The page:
The Hakawati, by Rabih Alameddine. Published 2008 by Anchor Books/Random House. Literary Fiction.
I picked up The Hakawati at my local indie bookstore because it looked the like the kind of book I usually like- exotic, vaguely literary, and different. It's about a Lebanese family whose paterfamilias is dying, and about the culture of stories and storytelling surrounding the family and the mixed Arab, Armenian and Druze culture they come from.
Osama al-Kharrat, a college student, returns to Beirut to sit by his father's deathbed; as he confronts various relatives and friends, the narrative cycles through the generations with stories both real and imagined. We hear love stories and coming of age tales, sibling rivalries, successes and disappointments, stories of parents and children, husbands and wives, as well as lengthy mythologies and folk tales of legendary kings, demons and assorted sprites and spirits. Alameddine does a nice job of keeping it all straight and making all these tangents and stories and characters come together.
It's a dizzying read, and while I can't say it's a favorite, I did enjoy it and I think it would appeal to readers with a taste for the exotic and the flamboyant. It's a fairly long book, and alternates between modern and fantastic settings; each interlude is relatively lengthy which gives the reader time to become engrossed in the goings-on. The stories that run through the book are also very detailed and elaborate so the reader can really get drawn into Alameddine's tales. There were times it dragged a little for me but in general I enjoyed being swept along in Alameddine's swirling storytelling and bittersweet family struggles. It's a captivating, entertaining read for the hammock or for a cold winter's night.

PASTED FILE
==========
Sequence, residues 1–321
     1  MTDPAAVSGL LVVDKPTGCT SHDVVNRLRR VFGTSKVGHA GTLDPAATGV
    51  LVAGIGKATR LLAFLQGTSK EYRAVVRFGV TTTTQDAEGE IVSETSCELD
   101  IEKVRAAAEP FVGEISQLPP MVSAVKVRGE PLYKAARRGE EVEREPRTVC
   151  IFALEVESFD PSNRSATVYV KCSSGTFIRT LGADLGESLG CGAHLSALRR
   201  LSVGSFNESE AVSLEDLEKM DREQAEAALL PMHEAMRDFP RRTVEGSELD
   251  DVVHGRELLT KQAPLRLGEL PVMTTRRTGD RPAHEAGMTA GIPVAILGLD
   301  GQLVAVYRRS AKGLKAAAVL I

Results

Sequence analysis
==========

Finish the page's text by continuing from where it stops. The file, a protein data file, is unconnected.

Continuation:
FTC Disclosure: I did not receive this book for review from the publisher.